A Review of the Book “365typo”

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365typo: 365 stories on type, typography and graphic design, published in collaboration with the Association Typographique Internationale (ATypI), is a new annual trade book (loosely in the tradition of the Penrose Annual), featuring a collection of articles about type and typography written by several different contributors from December 2013 to June 2015. The idea is to publish a new book each year, providing a snapshot of the industry for that period.

While many of the articles were not purpose-written and can be found online (such as Typographica’s list of fonts for 2014), it is the curation that makes this publication so relevant: sorting through the seemingly endless supply of typography-related articles and events, the book shows careful selection and intelligent editing. Having the support of the ATypI, the nice hard-cover binding and contributions from many important names in the field (including several Alphabettes) provides a sense of legitimacy and permanence to subject matter that might otherwise be lost in a sea of online content.

The book can be read in a linear order or by skipping through different snippets. In this sense, it feels a bit like a blog or magazine (or even a conference). There is a slight navigation problem, as there is no clear index or table of contents (and researchers of the future might appreciate a clearer path to sort through subjects). But perhaps that is part of the charm… You jump from subject to subject, getting a sense of being in the middle of the myriad discussions that happen in the field. Something akin to that feeling I remember after going to my first ATypI conference: pure awe in the realisation that such a specialised field contains such a wide range of areas of interest.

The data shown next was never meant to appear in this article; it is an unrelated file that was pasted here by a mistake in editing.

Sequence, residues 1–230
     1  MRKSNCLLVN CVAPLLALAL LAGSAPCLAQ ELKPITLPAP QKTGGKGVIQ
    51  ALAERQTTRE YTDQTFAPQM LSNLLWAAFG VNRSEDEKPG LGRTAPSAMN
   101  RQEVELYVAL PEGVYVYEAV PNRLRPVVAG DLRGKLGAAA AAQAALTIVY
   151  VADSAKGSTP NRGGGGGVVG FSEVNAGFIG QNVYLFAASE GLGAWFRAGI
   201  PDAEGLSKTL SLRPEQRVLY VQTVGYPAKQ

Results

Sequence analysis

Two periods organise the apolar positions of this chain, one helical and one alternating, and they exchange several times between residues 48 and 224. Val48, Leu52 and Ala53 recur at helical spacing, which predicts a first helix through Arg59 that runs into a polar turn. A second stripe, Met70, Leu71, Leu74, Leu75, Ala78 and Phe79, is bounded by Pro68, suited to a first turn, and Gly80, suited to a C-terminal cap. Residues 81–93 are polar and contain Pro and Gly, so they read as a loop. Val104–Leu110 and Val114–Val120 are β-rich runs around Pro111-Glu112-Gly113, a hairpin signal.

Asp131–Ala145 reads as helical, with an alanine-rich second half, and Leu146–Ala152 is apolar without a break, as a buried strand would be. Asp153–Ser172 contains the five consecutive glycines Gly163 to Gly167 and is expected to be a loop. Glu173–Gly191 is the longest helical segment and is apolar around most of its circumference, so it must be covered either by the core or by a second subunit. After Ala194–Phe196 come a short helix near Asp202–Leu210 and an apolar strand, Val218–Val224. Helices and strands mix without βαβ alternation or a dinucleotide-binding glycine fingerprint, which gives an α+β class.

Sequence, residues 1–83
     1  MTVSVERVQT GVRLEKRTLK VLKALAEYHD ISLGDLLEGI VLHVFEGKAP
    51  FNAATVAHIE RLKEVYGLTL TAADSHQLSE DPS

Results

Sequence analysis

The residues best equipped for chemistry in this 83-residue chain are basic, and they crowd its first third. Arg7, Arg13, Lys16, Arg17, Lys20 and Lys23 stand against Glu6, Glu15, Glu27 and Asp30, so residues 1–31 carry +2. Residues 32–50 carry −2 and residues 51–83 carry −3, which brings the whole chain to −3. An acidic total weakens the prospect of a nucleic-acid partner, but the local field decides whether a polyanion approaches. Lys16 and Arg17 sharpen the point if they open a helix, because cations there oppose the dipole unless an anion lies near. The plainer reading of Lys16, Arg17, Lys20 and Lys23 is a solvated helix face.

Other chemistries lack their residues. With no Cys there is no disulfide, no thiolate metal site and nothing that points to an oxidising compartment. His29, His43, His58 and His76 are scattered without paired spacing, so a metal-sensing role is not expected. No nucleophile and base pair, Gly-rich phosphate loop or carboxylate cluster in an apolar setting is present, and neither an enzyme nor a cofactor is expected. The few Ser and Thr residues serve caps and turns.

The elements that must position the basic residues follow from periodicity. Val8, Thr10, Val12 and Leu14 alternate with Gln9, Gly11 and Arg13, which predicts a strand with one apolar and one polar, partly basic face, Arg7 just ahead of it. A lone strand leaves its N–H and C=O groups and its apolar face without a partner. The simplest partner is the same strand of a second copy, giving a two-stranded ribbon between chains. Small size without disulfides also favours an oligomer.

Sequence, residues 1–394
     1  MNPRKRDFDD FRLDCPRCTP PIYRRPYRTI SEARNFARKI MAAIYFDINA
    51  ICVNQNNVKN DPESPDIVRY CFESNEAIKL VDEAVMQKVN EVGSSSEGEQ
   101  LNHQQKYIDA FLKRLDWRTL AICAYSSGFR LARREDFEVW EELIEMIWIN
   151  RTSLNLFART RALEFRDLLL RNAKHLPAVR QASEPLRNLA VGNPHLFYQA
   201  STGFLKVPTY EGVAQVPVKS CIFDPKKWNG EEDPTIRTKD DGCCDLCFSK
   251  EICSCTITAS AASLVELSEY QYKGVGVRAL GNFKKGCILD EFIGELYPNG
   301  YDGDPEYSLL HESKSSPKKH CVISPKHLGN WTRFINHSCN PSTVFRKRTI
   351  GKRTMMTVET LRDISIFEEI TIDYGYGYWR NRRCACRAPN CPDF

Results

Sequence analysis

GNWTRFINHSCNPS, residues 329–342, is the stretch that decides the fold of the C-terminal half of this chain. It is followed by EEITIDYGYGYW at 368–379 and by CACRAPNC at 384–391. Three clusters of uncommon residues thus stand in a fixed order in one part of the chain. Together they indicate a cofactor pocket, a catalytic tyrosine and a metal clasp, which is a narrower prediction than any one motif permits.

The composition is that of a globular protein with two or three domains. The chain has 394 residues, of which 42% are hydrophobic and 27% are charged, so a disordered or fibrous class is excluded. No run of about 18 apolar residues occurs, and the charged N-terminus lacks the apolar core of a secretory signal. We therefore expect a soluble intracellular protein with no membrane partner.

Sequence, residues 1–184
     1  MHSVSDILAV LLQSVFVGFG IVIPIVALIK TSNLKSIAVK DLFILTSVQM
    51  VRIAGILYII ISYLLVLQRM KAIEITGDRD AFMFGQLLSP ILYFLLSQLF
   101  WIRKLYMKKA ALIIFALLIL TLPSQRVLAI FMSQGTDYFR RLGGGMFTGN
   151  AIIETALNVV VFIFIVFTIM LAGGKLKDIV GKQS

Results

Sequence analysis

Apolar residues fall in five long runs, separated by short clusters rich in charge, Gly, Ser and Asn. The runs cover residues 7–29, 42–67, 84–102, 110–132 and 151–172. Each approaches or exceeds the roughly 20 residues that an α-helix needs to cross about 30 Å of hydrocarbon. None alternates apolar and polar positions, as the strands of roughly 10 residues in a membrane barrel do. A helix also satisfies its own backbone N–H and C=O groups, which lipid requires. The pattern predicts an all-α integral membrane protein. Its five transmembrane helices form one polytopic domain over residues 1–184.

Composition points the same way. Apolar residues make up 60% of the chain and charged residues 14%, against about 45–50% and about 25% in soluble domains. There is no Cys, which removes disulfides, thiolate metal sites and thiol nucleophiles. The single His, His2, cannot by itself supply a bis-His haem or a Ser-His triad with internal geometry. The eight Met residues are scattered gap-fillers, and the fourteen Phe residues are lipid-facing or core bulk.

Subjects covered include short recaps of lectures and conferences, design reviews, projects, essays and interviews, as well as topical current events relevant to the industry (such as the Hoefler and Frere-Jones separation and Je Suis Charlie). They also come from different areas of the globe: I was pleased to see plenty of Latin America in there, and imagine that in upcoming years more voices from the non-Latin world will be added (there are already some). There is potential for the scope and criteria to be further refined in coming years.

Finally, the design is beautiful, well printed and bound, with well considered typography. The titles look lovely set in Playtype’s Berlingske Serif Black, and TypeTogether’s Capitolium 2 reads wonderfully, set with generous margins and plenty of white space. The articles are numbered in bold deep red (from 1 to 365, of course). Each article has a subject area listed above, and a broad area of interest listed on the top corner of the page (“typography”, “graphic design”, etc), which is nice, but unfortunately not entirely useful since, as mentioned, there is no index list of subjects to be found (the reader can find articles by contributors, or names cited, but cannot read quickly about all the conferences, for instance, or even quickly search articles by title).

Nevertheless, 365typo is a very useful document for catching up on the current state of the industry and to sort through things that were missed. It will be an invaluable tool for future researchers. More importantly, perhaps, it gives a sense of context and captures a bit of the spirit of the previous year in type, and that is very exciting. I eagerly look forward to next year’s edition, and hope this project lives on for a long time.

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photo by Elena Veguillas

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365typo: 365 stories on type, typography and graphic design
Concept by Linda Kudrnovská and Michel Chanaud
Edited by Linda Kudrnovská
Design by Filip Blažek, Designiq
Published by étapes: editions
Printed by D’Auria Printing, Italy